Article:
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Manichaean script is an abjad-based writing system rooted in the Semitic family of alphabets and associated with the spread of Manichaean religion from southwest to central Asia and beyond, beginning in the 3rd century CE. It bears a sibling relationship to early forms of the Pahlavi script, both systems having developed from the Imperial Aramaic alphabet, in which the Achaemenid court rendered its particular, official dialect of the Aramaic language. Unlike Pahlavi, Manichaean script reveals influences from Sogdian script, which in turn descends from the branch of Aramaic. Manichaean script is so named because Manichaean texts attribute its design to Mani himself.
Older Manichaean texts appear in a script and language that is still identifiable as Syriac-Aramaic and these compositions are then classified as Syriac/Aramaic texts. Later texts using Manichaean script are attested in the literature of three Middle Iranian language ethnolects: the dialect of Sogdiana in the east, which had a large Manichean population. the dialect of Parthia in the northeast, which is indistinguishable from Medean of the northwest. the dialect of Parsa (Persia proper) in southwest Iran, formerly and properly known as Parsi.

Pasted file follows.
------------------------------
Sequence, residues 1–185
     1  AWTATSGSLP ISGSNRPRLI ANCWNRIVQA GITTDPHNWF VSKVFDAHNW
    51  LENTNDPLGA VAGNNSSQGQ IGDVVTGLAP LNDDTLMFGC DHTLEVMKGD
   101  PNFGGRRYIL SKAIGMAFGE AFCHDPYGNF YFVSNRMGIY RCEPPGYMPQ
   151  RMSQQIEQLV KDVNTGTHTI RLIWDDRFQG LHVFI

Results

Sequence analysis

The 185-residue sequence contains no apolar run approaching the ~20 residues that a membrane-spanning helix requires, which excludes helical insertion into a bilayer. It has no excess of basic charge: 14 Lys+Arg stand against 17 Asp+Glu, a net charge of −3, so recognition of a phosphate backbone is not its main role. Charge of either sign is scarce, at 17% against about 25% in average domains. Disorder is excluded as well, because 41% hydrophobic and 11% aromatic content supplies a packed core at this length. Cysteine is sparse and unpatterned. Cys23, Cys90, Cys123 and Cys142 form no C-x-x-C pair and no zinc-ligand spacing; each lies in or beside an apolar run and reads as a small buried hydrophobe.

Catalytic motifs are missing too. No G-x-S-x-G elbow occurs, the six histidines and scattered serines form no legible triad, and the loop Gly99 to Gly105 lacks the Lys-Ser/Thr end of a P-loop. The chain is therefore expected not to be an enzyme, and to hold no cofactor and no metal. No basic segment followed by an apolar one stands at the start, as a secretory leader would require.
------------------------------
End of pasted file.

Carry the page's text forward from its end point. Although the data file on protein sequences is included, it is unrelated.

The Manichaean system does not have a high incidence of Semitic language logograms and ideograms inherited from chancellery Imperial Aramaic that are an essential characteristic of the Pahlavi system. Besides that, Manichaean spelling was less conservative or historical and corresponded closer to contemporary pronunciation: e.g. a word such as āzād «noble, free» was written ʼčʼt in Pahlavi, but ʼʼzʼd in Manichaean Middle Persian of the same period.
Manichaean script was not the only script used to render Manichaean manuscripts. When writing in Sogdian, which was frequently the case, Manichaean scribes frequently used Sogdian script (»Uighur script»). Likewise, outside Manichaeism, the dialect of Parsa (Persia proper) was also recorded in other systems, including Pahlavi script (in which case it is known as Pahlavi) and Avestan script (in which case it is known as Pazend).
In the 19th century, German expeditions discovered a number of Manichaean manuscripts at Bulayiq on the Silk Road, near Turpan in north-west China. Many of these manuscripts are today preserved in Berlin.
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